Human Rights Not Breached in Disclosure of Rape Acquittal

A High Court decision in the case of R (R) v Chief Constable of Greater Manchester Police and another [2016], has been upheld by the Court of Appeal to dismiss a job seeker’s request of omitting information concerning his acquittal of a rape charge in an enhanced criminal records certificate under the Human Rights Act 1998.

R, a qualified teacher, was charged with the rape of a 17-year-old woman while he was working as a taxi driver. He was found not guilty by the jury and he was acquitted. However, his numerous applications for teaching jobs that followed his acquittal required an enhanced criminal record certificate under the Police Act 1997, which gave details of the rape charge and acquittal. A second application submitted by R for another enhanced certificate contained the same information as the first certificate, and Judicial Review was consequently applied for.

The court held that the disclosure did not go against the presumption of innocence under Article 6(2) of the European Convention on Human Rights (ECHR) with regards to the fact that there was no indication of the jury being wrong to acquit or the police’s certainty of the claimant’s guilt. As Article 6 (2) states “everyone charged with a criminal offence shall be presumed innocent until proved guilty according to law,” and the assumption that others may have from the collection of facts available to detect a threat from a specific person will bear no contradiction to the effect of an acquittal.

In addition, there was no evident breach from the disclosure to the right to privacy in Article 8 of the ECHR as it was consistent with the requirement to balance any detriment to the claimant against the need to protect vulnerable members of the public. The further element of  the police not needing to consult the claimant prior to including the information in the certificate also affirms the latter point as it was not deemed to be a “borderline case”, considering that he had earlier dealings with the police concerning the inclusion of the same information in an earlier certificate.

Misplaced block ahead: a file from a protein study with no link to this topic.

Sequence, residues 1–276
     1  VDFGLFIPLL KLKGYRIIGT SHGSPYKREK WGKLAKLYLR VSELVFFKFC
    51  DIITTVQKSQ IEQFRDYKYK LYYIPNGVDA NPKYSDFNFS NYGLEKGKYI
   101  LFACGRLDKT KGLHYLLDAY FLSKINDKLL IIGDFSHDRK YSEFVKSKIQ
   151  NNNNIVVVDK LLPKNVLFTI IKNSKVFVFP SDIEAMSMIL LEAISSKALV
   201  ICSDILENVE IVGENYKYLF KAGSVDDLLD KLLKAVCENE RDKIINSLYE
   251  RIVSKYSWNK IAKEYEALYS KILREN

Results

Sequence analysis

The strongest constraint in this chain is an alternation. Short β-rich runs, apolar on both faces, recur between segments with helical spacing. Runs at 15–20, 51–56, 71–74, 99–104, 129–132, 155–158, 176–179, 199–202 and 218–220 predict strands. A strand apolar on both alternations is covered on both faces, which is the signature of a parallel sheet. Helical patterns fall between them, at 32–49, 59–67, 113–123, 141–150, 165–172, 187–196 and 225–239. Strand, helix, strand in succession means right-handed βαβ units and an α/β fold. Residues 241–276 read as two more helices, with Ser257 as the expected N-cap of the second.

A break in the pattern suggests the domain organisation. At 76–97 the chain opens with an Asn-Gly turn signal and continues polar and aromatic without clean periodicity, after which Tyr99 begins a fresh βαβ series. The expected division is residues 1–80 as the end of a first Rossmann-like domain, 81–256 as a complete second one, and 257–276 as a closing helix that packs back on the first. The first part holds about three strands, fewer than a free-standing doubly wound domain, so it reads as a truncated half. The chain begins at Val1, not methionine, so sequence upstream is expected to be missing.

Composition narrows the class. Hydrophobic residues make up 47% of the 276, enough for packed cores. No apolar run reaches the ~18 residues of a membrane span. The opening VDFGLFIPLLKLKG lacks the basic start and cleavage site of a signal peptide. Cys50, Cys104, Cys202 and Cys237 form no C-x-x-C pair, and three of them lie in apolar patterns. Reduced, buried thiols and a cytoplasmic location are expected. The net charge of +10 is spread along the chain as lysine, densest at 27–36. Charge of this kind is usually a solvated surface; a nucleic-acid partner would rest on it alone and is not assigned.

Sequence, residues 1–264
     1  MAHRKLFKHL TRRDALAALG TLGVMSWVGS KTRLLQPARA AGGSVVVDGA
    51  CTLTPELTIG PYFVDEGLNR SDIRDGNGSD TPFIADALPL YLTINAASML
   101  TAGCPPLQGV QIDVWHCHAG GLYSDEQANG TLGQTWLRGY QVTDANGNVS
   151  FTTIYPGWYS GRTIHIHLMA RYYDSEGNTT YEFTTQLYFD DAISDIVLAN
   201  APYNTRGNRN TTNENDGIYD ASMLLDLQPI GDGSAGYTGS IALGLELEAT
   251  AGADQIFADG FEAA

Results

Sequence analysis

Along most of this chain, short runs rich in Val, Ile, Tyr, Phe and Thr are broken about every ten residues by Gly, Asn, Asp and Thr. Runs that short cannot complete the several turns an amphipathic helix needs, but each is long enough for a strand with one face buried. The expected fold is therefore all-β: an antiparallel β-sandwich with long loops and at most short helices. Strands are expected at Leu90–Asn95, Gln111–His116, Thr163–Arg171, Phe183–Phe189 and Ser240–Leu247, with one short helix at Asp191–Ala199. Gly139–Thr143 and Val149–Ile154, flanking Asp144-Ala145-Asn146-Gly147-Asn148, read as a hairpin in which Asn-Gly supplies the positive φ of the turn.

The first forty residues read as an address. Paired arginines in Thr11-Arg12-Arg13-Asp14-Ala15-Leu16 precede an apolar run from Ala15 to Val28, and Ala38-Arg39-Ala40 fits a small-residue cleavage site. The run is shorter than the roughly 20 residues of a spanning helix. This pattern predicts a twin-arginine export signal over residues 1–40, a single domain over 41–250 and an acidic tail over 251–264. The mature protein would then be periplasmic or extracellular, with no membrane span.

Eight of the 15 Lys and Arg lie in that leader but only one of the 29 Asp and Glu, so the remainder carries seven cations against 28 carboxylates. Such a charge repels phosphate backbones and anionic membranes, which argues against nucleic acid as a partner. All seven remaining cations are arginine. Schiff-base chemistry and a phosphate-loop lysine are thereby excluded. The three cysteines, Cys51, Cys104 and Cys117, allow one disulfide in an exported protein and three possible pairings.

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As we consider the issue of enhanced criminal records certificates which the above case gives prominence to, it could be said that criminal acquittals and “clearing your name” are quite often interlinked in meaning, although the judgment here does not entirely conform to this.

For details of an acquittal to be mentioned in an enhanced criminal records certificate, it is firstly necessary for the police to demonstrate satisfaction that the information is “relevant” and that it “ought to be included”. With consideration to human rights arguments, in order to not go against the presumption of innocence following an acquittal, the police must not indicate that they believe the person is guilty. However, it is not a breach of Article 6(2) to suggest that the person may have committed the offence.

Another factor to consider is that not all cases lend themselves to an acquittal to be mentioned by the police, hence the application of the proportionality test in Article 8. For instance, where the alleged offence has no connection with the employment in question, or where someone else has been prosecuted for the same crime. On the other hand, where there is a borderline case the police are required to consult the individual concerned before deciding whether to include the information.

As a concluding note, it would appear that whilst the existence of the ECHR undoubtedly aims to be in favour of protecting an individual’s privacy, we can see in cases such as this that the issue of proportionality plays a vital role in determining where the balance must be struck between the potential risk to the public and the interference of rights under Article 8, coupled with the detriment suffered by the disclosure.

Forbes Solicitors regularly advise a range of clients on requests for disclosure of information whether under the DPA, FOIA or DBS. If you would like more information please contact Daniel Milnes.

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